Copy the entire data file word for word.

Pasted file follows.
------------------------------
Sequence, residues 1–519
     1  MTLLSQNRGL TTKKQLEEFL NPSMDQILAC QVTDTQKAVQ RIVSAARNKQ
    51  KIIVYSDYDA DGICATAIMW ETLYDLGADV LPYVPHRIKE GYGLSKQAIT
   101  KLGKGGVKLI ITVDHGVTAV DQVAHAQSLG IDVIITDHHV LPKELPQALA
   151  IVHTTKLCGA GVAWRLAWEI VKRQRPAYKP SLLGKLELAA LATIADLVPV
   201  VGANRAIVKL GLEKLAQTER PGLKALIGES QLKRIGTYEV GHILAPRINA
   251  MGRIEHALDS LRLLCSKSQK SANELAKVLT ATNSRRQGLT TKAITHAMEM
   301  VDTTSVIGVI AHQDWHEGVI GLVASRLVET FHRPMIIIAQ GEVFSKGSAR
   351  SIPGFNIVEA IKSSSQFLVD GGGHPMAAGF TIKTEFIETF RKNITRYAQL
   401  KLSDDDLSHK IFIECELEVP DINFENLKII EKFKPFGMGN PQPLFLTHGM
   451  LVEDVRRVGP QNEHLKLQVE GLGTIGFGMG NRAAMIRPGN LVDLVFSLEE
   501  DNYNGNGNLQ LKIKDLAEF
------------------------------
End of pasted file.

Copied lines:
Sequence, residues 1–519
     1  MTLLSQNRGL TTKKQLEEFL NPSMDQILAC QVTDTQKAVQ RIVSAARNKQ
    51  KIIVYSDYDA DGICATAIMW ETLYDLGADV LPYVPHRIKE GYGLSKQAIT
   101  KLGKGGVKLI ITVDHGVTAV DQVAHAQSLG IDVIITDHHV LPKELPQALA
   151  IVHTTKLCGA GVAWRLAWEI VKRQRPAYKP SLLGKLELAA LATIADLVPV
   201  VGANRAIVKL GLEKLAQTER PGLKALIGES QLKRIGTYEV GHILAPRINA
   251  MGRIEHALDS LRLLCSKSQK SANELAKVLT ATNSRRQGLT TKAITHAMEM
   301  VDTTSVIGVI AHQDWHEGVI GLVASRLVET FHRPMIIIAQ GEVFSKGSAR
   351  SIPGFNIVEA IKSSSQFLVD GGGHPMAAGF TIKTEFIETF RKNITRYAQL
   401  KLSDDDLSHK IFIECELEVP DINFENLKII EKFKPFGMGN PQPLFLTHGM
   451  LVEDVRRVGP QNEHLKLQVE GLGTIGFGMG NRAAMIRPGN LVDLVFSLEE
   501  DNYNGNGNLQ LKIKDLAEF